Learnings From The Florida Auctions

In the week or so that follows any major auction, Hagerty’s team of analysts break down specific sales and looks for broader trends or observations that might be coalescing. From the recent Florida auctions, a few factors suggest that despite all the market movement in the last 18 months, the core focus of the collector car hobby remains healthy. What’s more, trends that may have shown growing momentum in the go-go market of 2021-22—like the rise of modern supercars—have indicated some signs of softness. Hagerty dig into some of these outcomes from Florida below.

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Deremer Studios

Cars from core eras are still in demand

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Broad Arrow

As the demographics of the collector car market evolve, the concern that older classics may fall by the wayside continues to be a topic of conversation. While there is some evidence that may be happening among certain models, reports of the death of old cars have been greatly exaggerated. Broadly speaking, the market for cars over fifty years old is very diverse and healthy. Few alive today had a 1903 Mercedes-Simplex image on their wall as a kid, but it was the most expensive car at the March Florida auctions. It’s not just one car, either—models from the ’50s and ’60s made up a huge chunk of the value that exchanged hands last weekend.

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Quick flips are increasingly risky

Not too long ago, many people came to think of classic cars as money printers. It wasn’t all that unreasonable a concept—for cars bought in 2021-22 and then sold in the first three months of 2022, the average return was seven percent (that’s just the average—a raft of cars saw much more dramatic growth during this period). Those days are over. The median return on a car bought at auction during 2023-24 and then sold in 2024 so far is zero percent.

Buyer discipline continues to carry the day. Hagerty observed that across all segments in March’s Florida auctions—special examples would transact (and sometimes at very strong prices), but bidders were more guarded with their paddles overall. This means that quick monetary gains in the collector car market are much harder to come by now, and dealers aren’t guaranteed to make a quick buck.

The analysts have also observed a change in buying and selling behavior among repeat sales: During the pandemic, there was a prevailing theme of dealers and flippers picking up a car at live auction and then making their profit by selling it online. Hagerty is beginning to see the opposite, and not just because the attendance is back at live auctions. With an ever-increasing number of cars available online, pressure to sell at no reserve, and buyers holding back, it’s now a bit easier to score a deal online.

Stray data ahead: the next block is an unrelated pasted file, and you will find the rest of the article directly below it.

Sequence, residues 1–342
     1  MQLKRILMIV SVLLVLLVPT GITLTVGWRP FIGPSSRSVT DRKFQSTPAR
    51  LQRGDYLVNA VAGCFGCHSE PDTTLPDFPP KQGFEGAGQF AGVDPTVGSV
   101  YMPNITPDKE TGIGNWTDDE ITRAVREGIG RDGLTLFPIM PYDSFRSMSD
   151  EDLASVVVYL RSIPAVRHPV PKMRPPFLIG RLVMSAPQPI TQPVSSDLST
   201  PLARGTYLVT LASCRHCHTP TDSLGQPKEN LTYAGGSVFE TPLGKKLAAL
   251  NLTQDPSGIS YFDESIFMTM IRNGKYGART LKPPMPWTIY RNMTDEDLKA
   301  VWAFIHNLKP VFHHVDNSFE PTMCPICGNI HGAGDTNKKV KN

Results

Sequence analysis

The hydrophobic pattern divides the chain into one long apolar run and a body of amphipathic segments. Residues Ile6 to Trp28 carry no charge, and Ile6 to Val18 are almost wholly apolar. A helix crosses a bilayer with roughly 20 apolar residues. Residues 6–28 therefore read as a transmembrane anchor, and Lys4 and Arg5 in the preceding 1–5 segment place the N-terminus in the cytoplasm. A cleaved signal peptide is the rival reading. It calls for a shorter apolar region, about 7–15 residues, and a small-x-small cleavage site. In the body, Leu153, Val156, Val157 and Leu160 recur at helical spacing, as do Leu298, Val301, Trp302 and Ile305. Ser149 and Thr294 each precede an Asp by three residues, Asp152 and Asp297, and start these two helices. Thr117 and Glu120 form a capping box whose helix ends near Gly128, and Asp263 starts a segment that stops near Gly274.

Super- and hypercar struggles

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This Lexus LFA sold for $731,000 at Broad Arrow, and was the only one of four offered to sell.Broad Arrow

Not every limited-edition hypercar is a sure-fire bet. Hagerty has observed some depreciation in this segment as manufacturers keep churning out the next one and the next one. Buyers could be getting hesitant that these cars are guaranteed investments. On top of that, so many are low-mileage, nearly in-the-wrapper examples that in this market it appears buyers have to really want that particular car in order for it to move. Of the 13 2010+ supercars bid above $1M, only four made it beyond their low estimate. The McLaren P1, one of the cars at the center of a flurry of hypercar activity early in the last decade, went 0 for 2 across the block. Only one of four Lexus LFAs—a darling car with a meteoric rise in the last few years—sold at this past week’s auctions.

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Despite some big hits and misses, the Porsche market was rational

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Broad Arrow

As stated in the auction report, there were some high-profile Porsche no-sales, along with a couple of transactions that had to be completed after the auction. This appears, at least in part, to be a continuation of rationality in the Porsche market that Hagerty reported on in December. Porsche buyers have gotten very particular, but when they identify something they want, they’re willing to pay up for it. That enthusiasm is reflected in the data: The median condition-appropriate premium vs. the Hagerty Price Guide for Porsches was 13 percent, which is greater than the 10 percent median for the sales overall.

Report by Hagerty Insider

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